[Python-Dev] Proposal: go back to enabling DeprecationWarning by default

Antoine Pitrou solipsis at pitrou.net
Mon Nov 6 08:39:52 EST 2017

On Mon, 6 Nov 2017 23:23:25 +1000
Nick Coghlan <ncoghlan at gmail.com> wrote:
> On 6 November 2017 at 21:58, Antoine Pitrou <solipsis at pitrou.net> wrote:
> > I guess my takeaway point is that many situations are complicated, and
> > many third-party library developers are much less disciplined than what
> > some of us would idealistically expect them to be (those developers
> > probably often have good reasons for that).  For someone who takes care
> > to only use selected third-party libraries of high maintenance quality,
> > I'm very +1 on your proposal.  For the more murky (but rather common)
> > cases of relying on average quality third-party libraries, I'm +0.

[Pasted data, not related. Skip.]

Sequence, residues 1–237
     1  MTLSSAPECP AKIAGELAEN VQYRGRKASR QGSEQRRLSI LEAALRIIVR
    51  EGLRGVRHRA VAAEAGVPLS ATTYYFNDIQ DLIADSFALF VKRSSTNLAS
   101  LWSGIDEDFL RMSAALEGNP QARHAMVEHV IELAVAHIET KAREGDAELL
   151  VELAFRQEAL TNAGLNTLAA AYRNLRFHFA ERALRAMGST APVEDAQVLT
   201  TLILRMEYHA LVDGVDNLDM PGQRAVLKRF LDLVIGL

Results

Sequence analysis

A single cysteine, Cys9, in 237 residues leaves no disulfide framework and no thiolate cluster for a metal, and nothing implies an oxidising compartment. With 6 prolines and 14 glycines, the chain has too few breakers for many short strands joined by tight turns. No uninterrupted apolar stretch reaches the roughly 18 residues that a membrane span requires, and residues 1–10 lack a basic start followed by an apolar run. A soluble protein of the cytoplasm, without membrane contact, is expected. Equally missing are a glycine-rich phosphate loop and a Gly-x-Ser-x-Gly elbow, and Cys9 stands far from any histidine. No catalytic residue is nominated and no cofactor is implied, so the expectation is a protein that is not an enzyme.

> Agreed, and I'm thinking there could be a lot of value in the variant
> of the idea that says:
> - tweak the default warning filters to turn DeprecationWarning back on
> for __main__ only

Thats sounds error-prone.  I'd rather have them on by default

> - add a new warnings module API specifically for managing deprecation warnings


And I think we need to handle two different use cases:

- silencing warnings *emitted by* a certain module (e.g. a widely-used
  module which recently introduced major API changes)

- silencing warnings *reported in* a certain module (e.g. a
  sporadically-maintained library whose usage frequently emits
  deprecation warnings coming from other libraries)

Ideally, we also need a CLI switch (or environment variable) to override
these settings, so that one can run in "dev mode" and see all
problematic usage accross their library, application and third-party



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